John Perry the propagator of the ‘structured procrastination’ theory says, “All procrastinators put off things they have to do. Structured procrastination is the art of making this bad trait work for you. The key idea is that procrastinating does not mean doing absolutely nothing. Procrastinators seldom do absolutely nothing; they do marginally useful things, like gardening or sharpening pencils or making a diagram of how they will reorganize their files when they get around to it.”
He justifies his theory by saying that a procrastinator procrastinates “because they are a way of not doing something more important. If all the procrastinator had left to do was to sharpen some pencils, no force on earth could get him do it. However, the procrastinator can be motivated to do difficult, timely and important tasks, as long as these tasks are a way of not doing something more important.”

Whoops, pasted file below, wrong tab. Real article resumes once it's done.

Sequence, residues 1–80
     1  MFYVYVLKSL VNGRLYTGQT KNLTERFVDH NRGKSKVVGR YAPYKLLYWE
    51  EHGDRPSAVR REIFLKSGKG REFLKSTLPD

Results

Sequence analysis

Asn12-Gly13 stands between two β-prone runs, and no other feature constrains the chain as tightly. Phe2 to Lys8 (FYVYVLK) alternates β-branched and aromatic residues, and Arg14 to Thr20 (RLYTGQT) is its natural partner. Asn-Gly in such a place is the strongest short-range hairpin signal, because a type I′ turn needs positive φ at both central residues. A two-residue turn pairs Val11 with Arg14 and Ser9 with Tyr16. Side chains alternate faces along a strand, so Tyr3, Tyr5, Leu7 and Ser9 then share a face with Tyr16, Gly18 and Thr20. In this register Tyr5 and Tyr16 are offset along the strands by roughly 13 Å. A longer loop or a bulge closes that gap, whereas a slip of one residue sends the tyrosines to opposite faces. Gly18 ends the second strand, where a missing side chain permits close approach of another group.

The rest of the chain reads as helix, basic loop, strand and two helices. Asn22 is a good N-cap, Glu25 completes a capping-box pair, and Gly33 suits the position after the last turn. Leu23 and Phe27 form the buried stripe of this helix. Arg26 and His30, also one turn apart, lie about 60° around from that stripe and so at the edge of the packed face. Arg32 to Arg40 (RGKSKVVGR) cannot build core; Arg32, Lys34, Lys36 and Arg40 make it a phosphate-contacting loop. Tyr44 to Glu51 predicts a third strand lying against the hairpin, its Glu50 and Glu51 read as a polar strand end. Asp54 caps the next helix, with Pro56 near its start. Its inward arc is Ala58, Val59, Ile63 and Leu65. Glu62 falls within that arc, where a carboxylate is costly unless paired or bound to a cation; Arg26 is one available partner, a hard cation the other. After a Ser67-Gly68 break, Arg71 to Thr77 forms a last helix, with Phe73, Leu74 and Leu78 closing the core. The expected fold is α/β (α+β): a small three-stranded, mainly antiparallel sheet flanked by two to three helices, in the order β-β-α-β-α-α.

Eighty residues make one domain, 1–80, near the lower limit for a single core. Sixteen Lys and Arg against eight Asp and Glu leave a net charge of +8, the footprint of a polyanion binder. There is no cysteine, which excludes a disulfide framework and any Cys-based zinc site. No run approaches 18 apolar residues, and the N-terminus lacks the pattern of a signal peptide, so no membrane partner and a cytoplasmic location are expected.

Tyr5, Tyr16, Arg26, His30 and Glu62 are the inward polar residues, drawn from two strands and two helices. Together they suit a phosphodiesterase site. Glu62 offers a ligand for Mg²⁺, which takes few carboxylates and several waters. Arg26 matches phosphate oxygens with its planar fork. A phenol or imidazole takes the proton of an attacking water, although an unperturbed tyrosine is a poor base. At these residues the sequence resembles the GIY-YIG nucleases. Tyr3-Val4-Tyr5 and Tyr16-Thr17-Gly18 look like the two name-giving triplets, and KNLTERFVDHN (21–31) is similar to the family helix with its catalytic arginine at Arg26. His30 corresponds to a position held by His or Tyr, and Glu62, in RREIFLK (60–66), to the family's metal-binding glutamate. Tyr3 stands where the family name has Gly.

Does it sound confusing? Actually, it is much simpler than it sounds. John Perry suggests that instead of tackling the important and hence a formidable task with dread and foreboding, tackle the much simpler tasks first. As you complete each small task, the satisfaction of completing them reinforces your fragile self-confidence and you become enthused and eager to tackle the work you are putting off.
So why don’t you try it and let us know the results.
You can read more on John Perry and his Structured Procrastination here.
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